By Robert B. Barnett Jr., J.D.
Antitrust claims by taxi medallion holders in the Boston area alleging that Uber attempted to monopolize the on-demand transportation market were dismissed where the taxi companies (1) failed to allege facts supporting a predatory pricing claim, (2) failed to allege facts demonstrating Uber’s intent to monopolize, and (3) failed to show any injury to Boston consumers, the federal district court in Boston has ruled. In granting Uber’s motion to dismiss the antitrust claims, the court cited favorably a 2018 Third Circuit opinion affirming the dismissal of a similar Sherman Act suit filed in Philadelphia by Philadelphia cab companies (Malden Transportation, Inc. v. Uber Technologies, Inc., June 18, 2018, Gorton, N.).
Between December 2016 and April 2017, seven complaints involving more than 800 Boston taxi companies were filed in the Boston federal district court alleging claims for (1) unfair competition, (2) aiding and abetting unfair competition and (3) civil conspiracy to commit unfair competition. After those seven cases were consolidated, Uber filed a motion to dismiss the claims, which was denied, although claims against two of Uber’s founders were dismissed. After the denial of Uber’s motion to dismiss, four of the taxi groups amended their complaint to add claims for violations of state and federal antitrust law. Uber then filed a motion to dismiss the new antitrust claims.
Monopoly claim. In essence, the taxi companies’ new allegations contended that Uber undertook a plan through its UberX service to reduce its prices below cost, intending to drive out competitors, at which point it would raise its prices once it had established a monopoly. When making such a predatory pricing claim, a plaintiff is required to explain the scheme with particularity because plans to reduce prices generally benefit consumers. In this claim, the court said, the taxi companies failed to allege sufficient facts to support their theory. By merely alleging nothing more than that Uber "deflated the UberX fares to below cost in order to drive out the taxi drivers," the taxi drivers failed to supply the required details. The court said that it expected to see facts such as what an average ride in Boston costs Uber or costs taxi companies. The taxi companies’ reference to a Wall Street Journal article showing that Uber’s costs exceed its revenues worldwide was irrelevant to the specific Boston market. While it was true that obtaining pricing information from Uber, a privately held company, was more difficult than with public companies, the difficulty did not excuse the taxi companies from their pleading obligations.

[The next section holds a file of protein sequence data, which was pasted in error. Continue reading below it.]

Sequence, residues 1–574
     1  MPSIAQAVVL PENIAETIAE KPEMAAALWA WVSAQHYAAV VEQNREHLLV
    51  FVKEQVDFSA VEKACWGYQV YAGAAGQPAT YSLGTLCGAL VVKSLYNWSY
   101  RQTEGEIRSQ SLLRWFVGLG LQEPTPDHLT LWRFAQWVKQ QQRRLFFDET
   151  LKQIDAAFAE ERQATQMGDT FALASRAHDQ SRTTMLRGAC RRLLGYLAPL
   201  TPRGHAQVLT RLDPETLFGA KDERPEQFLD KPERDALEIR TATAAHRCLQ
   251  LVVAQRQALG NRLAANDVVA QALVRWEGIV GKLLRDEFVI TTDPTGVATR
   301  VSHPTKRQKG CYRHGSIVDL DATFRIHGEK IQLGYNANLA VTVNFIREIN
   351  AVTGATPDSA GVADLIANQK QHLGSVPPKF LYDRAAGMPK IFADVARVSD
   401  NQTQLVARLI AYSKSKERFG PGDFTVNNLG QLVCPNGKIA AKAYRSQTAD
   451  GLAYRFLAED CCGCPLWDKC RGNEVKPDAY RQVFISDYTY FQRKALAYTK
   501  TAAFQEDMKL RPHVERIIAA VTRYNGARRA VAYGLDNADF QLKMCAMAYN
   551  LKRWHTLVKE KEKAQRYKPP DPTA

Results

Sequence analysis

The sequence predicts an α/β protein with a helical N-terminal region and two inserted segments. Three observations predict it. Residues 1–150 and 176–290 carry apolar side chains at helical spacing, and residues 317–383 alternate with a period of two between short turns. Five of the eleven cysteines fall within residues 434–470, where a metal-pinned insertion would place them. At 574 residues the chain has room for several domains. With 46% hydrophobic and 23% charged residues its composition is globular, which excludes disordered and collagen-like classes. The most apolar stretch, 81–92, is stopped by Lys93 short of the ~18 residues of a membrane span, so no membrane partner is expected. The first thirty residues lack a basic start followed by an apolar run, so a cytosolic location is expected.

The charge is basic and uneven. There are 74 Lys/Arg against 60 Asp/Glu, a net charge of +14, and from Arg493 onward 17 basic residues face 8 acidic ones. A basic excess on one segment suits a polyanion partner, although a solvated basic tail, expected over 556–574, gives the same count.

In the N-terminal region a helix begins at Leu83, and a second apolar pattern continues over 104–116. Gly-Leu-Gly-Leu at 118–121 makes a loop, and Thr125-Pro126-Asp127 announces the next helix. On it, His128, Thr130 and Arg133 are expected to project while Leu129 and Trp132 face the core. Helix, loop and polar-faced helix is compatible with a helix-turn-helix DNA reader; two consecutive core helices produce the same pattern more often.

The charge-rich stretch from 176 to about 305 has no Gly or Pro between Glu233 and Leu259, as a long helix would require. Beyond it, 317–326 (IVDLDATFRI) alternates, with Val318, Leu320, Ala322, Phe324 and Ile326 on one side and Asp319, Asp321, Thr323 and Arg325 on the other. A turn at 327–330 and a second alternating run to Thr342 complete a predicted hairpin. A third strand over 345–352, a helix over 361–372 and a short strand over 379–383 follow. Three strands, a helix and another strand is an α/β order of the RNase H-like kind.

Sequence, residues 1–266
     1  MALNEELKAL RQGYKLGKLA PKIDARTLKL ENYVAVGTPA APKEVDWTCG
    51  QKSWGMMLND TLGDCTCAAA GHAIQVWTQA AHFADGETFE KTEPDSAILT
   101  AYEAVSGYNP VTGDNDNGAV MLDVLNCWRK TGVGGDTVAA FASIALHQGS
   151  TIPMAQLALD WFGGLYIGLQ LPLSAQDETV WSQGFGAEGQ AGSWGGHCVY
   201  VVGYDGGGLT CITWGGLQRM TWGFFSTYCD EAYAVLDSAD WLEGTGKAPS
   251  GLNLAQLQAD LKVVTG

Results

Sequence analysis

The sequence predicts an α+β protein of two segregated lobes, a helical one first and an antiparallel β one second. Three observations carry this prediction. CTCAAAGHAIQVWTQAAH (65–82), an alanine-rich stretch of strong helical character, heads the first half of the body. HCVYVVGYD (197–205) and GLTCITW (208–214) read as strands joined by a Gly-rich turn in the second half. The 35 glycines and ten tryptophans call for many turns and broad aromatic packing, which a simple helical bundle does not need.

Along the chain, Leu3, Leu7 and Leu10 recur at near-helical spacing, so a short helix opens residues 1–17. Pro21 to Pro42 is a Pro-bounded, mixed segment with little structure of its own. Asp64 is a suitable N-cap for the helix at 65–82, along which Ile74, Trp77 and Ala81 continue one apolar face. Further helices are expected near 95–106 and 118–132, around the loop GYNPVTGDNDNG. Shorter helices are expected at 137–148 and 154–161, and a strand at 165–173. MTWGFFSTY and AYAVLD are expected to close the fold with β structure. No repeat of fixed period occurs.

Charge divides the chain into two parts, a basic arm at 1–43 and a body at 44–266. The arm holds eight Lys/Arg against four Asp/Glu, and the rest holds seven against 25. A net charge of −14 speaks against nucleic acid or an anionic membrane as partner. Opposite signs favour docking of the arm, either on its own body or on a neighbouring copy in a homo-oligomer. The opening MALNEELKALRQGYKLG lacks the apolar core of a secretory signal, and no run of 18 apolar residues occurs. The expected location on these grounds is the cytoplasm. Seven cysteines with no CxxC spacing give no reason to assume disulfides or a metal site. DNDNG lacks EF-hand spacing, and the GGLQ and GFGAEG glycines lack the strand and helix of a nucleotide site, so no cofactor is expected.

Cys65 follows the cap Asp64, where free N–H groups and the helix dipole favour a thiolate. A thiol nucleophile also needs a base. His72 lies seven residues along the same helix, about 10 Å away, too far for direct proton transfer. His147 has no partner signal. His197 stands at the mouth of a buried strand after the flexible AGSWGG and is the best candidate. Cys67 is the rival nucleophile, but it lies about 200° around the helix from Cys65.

Intent to monopolize. When alleging an attempt to monopolize, the taxi companies were required to establish a specific intent to destroy competition. Its allegations that specific intent was made clear by public statements by its former CEO and by its advertising materials were insufficient. Without such intent, an attempt to gain market share is a normal business goal, rather than a forbidden undertaking. Lowering prices is one legitimate option for achieving that goal. The taxi companies’ allegations never established anything more than that Uber charged lower prices.
Injury. Finally, the taxi companies never demonstrated any injury to Boston consumers in the market for on-demand rides, the court said. Once again, the antitrust maxim "the antitrust laws protect competition, not competitors" was relevant. The fact that Uber’s actions may have harmed the taxi companies did not establish an antitrust violation. The complaint alleged that Uber’s entry into the market caused the market to increase and the prices to go down (which benefitted rather than harmed Boston consumers). The fact that the value of Boston taxi medallions decreased or that their revenues went down was immaterial to an antitrust claim.
Philadelphia lawsuit. In Philadelphia Taxi Ass’n, Inc. v. Uber Techs., Inc., 886 F.3d 332 (3d Cir. 2018), the Third Circuit rendered a decision that this court found "applicable and persuasive." As with this case, the taxi companies in the Philadelphia case alleged that Uber’s entry in the market violated the Sherman Act. Just as here, the taxi companies alleged that that entry was illegal because the taxi medallions lost value and their profits decreased. The Third Circuit affirmed a lower court’s dismissal of the antitrust claim on the grounds that (1) the complaint failed to state a claim for attempted monopolization and (2) they failed to allege any cognizable antitrust injury. The Third Circuit opined that Uber had actually bolstered competition, which did not violate the antitrust laws. The Boston court noted that these antitrust claims by Boston taxi companies should be dismissed for the same reasons adopted by the Third Circuit in the Philadelphia case.
The district court, therefore, granted Uber’s motion to dismiss the new antitrust claims filed by the four groups of taxi companies. The case will proceed on the remaining claims involving the unfair competition allegations.
Attorneys: Thomas C. O'Konski (Prince Lobel Tye LLP) for Malden Transportation, Inc., PEGM Transportation, LLC and Medford Trans., Inc. Beatriz Mejia (Cooley LLP) for Uber Technologies, Inc. and Rasier, LLC. Christopher G. Timson (Law Offices of Christopher G. Timson, PC) for TAJ Trans., Inc.
Companies: Malden Transportation, Inc.; PEGM Transportation, LLC; Medford Trans., Inc.; Uber Technologies, Inc.; Rasier, LLC; TAJ Trans., Inc.
MainStory: TopStory Antitrust MassachusettsNews
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